National Healthcare Decisions Day Observed April 16

As a co-sponsor of the third annual National Healthcare Decisions Day, NASW is asking everyone: “Do you have an advance directive?”

Observed April 16, National Healthcare Decisions Day is an initiative to encourage all adults to express their medical treatment preferences, particularly concerning end-of-life care, and for health care providers to respect those preferences, whatever they may be.

“No one likes to discuss their own mortality, but everyone, including social workers, really ought to seriously consider communicating and documenting their advance care wishes in an advance directive,” said Karyn Walsh, NASW senior practice associate and a former oncology social worker.

Many Americans are living longer, but are living longer with chronic illness that can challenge their quality of life, Walsh pointed out. This makes advance directives all the more important.

Walsh said that because client self-determination is a hallmark of the profession, social workers can ensure that clients participate in their own advance care planning and help them understand the end-of-life considerations.

“Social workers can demystify the process of creating an advance health care plan and/or choosing a health care agent,” she said.

NASW’s own policy says: “Decisions regarding end-of-life care should be considered at numerous junctures over the course of one’s life, not just when diagnosed with a terminal illness or faced with an acute, life-ending event,” according to Social Work Speaks (8th Ed.).

Federal law requires all health care institutions that participate in Medicare, including hospitals, health clinics and nursing homes, to provide information about health care decision-making rights and ask all patients if they have an advance directive, such as a living will or health care power of attorney.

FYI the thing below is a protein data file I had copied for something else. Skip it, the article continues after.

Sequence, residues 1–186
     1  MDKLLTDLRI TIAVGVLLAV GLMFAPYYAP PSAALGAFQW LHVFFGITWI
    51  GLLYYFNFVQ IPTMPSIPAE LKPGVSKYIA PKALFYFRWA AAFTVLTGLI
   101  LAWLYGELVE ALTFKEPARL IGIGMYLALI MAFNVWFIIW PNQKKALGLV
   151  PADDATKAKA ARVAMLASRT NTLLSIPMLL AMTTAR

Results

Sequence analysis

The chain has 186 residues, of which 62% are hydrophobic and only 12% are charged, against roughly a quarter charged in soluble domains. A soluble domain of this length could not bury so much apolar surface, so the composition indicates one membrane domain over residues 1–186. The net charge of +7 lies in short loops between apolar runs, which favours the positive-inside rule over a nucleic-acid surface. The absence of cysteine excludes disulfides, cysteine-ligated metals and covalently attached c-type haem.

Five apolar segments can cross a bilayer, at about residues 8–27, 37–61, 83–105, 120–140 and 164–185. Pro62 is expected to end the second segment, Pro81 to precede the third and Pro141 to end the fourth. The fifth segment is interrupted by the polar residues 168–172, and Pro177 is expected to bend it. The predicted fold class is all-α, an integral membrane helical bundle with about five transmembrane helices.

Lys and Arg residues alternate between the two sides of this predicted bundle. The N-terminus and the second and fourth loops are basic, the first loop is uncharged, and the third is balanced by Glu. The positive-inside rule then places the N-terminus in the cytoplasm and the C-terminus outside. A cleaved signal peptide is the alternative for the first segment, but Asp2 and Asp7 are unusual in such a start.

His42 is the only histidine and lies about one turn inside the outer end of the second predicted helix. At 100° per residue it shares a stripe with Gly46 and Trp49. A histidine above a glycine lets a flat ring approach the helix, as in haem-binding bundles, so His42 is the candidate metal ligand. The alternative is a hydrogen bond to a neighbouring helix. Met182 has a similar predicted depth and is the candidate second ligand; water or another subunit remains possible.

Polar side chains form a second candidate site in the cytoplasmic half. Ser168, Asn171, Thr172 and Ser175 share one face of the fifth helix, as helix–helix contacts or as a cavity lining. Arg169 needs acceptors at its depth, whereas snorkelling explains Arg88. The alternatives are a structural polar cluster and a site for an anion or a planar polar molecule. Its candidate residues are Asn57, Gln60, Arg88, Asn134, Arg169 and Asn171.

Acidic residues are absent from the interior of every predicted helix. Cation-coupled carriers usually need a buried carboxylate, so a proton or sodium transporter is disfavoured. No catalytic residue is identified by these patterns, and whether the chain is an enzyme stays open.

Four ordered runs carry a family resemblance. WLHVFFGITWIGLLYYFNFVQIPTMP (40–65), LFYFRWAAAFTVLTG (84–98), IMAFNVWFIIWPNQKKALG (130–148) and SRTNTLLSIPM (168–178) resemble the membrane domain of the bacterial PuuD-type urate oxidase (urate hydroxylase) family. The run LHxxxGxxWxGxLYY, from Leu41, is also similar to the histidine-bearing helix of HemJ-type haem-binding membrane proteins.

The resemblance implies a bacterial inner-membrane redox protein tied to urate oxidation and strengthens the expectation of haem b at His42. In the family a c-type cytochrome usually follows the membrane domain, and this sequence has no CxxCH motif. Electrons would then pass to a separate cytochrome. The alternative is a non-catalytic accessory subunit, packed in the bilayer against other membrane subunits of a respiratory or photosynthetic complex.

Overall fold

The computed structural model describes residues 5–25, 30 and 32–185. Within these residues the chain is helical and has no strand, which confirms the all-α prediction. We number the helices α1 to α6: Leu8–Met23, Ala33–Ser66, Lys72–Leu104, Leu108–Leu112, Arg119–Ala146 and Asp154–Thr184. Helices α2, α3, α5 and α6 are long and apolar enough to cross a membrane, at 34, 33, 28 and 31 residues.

In her previous role as an oncology social worker, Walsh discussed advance care planning with patients, one of whom was a terminally ill young adult man. He succumbed to leukemia, but before he did, he completed an advance directive expressing his wish to forgo life-prolonging medical care, instead opting just for care to treat his pain and to spend his remaining days at home.

“Not only did it provide him some control over his own life, having an advance directive took the burden of making those difficult decisions off of his loved ones,” Walsh said.

And, completing an advance directive can be easy. The National Healthcare Decisions Day Web site contains links to several advance directives.

In related news, Yvette Colón, a NASW Board member and the American Pain Foundation’s director of education and support, was a panelist on the Hospice Foundation of America’s 2010 National Bereavement Teleconference on March 24. The panelists discussed care options related to cancer diagnoses; loss and grief reactions for patients, families and professional caregivers; and examined psychosocial aspects of cancer, pain management and ethical issues related to the disease.

Get more information and resources, visit Help Starts Here™ Advance Care Planning.